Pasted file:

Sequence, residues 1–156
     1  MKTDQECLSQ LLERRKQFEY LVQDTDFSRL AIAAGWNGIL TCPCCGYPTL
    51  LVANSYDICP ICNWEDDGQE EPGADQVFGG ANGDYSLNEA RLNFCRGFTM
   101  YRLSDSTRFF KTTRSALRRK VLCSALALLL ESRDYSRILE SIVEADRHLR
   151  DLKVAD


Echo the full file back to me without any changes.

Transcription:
Sequence, residues 1–156
     1  MKTDQECLSQ LLERRKQFEY LVQDTDFSRL AIAAGWNGIL TCPCCGYPTL
    51  LVANSYDICP ICNWEDDGQE EPGADQVFGG ANGDYSLNEA RLNFCRGFTM
   101  YRLSDSTRFF KTTRSALRRK VLCSALALLL ESRDYSRILE SIVEADRHLR
   151  DLKVAD